Interview with Tong Wei-Dong, Part 2


This is a continuation of our interview with Chinese Professor Tong Wei-Dong, one of the top violin teachers in China. In part 1 we explored Professor Tong’s personal and professional development, along with his formative experiences as a Chinese musician learning about the Western classical tradition.

In part 2 we conclude our interview by sharing Professor Tong’s teaching philosophy and how he has applied it to building musical technique and maturity in his students.

String Visions: What are some key aspects of teaching that you try to focus on with your students?

Professor Tong: First of all, I really want to treat all of my students the same way as I was treated by my teachers, and to share what I know and have learned from all of my great teachers. I insist that my students master intonation and develop a very strong technique. To do that, they must combine great practice habits with a lot of dicipline. Every student in China is required to practice a lot of scales because they have juries two times a year.  Beginning in elementary school, students start playing thirds, sixths, octaves and tenths scales.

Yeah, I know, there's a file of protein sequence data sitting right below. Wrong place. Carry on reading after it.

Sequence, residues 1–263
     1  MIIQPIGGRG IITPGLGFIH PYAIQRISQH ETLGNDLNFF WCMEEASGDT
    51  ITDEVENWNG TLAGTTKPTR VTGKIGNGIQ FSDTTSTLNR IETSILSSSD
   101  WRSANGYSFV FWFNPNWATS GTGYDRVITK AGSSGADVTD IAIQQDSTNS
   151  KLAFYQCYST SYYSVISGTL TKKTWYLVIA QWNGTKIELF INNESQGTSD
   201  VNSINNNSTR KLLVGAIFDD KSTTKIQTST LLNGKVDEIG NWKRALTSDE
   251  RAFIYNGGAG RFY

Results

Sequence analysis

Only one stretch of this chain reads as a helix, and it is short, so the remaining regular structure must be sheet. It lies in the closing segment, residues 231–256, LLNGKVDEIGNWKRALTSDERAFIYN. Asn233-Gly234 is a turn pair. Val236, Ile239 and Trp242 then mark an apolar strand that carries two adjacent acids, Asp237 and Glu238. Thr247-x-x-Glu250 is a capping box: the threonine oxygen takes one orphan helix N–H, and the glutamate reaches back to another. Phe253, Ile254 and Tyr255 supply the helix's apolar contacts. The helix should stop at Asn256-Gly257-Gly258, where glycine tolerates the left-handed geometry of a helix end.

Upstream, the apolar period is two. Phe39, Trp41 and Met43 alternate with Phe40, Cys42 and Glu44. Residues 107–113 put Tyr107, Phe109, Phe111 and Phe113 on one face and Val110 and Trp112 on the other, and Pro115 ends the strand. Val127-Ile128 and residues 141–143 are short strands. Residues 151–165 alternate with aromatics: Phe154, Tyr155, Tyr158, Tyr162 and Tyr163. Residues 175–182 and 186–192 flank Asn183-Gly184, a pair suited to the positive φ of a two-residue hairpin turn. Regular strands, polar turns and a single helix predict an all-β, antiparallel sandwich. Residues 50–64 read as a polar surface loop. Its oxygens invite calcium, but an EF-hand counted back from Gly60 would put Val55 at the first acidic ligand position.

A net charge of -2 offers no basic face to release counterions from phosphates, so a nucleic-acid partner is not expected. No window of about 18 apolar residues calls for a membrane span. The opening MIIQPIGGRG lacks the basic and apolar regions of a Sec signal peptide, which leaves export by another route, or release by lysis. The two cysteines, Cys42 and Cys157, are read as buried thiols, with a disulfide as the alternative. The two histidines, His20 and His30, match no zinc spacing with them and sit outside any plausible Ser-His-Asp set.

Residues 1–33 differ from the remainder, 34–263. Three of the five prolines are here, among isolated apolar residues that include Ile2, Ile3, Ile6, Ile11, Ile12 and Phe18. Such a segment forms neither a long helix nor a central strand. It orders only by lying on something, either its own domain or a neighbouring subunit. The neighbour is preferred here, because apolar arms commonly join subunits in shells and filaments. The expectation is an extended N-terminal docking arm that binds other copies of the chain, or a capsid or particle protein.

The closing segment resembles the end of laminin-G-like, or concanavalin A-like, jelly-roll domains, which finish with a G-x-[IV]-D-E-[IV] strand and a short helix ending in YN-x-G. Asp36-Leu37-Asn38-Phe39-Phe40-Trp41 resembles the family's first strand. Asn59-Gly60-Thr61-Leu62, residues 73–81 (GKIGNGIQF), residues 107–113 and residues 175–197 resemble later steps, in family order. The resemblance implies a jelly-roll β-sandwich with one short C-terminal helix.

String Visions: Are both juries for technique ?

Professor Tong: No, the scale juries are held at the beginning of the year and the repertory juries take place at end of the year.

String Visions: That is a great idea–I will adopt it with my own students. That will inspire the students to work a lot on scales and double stops over the summer.

Professor Tong: Yes, it is important to get a great start at the beginning of the school year. In my teaching, I also stress the need to help students develop the ability to correct themselves. Because regardless of the  effort the teacher makes during the lesson, it is those students who have learned to correct themselves, who are best able to apply what they learned in the lesson and therefore derive the greatest value from the teaching.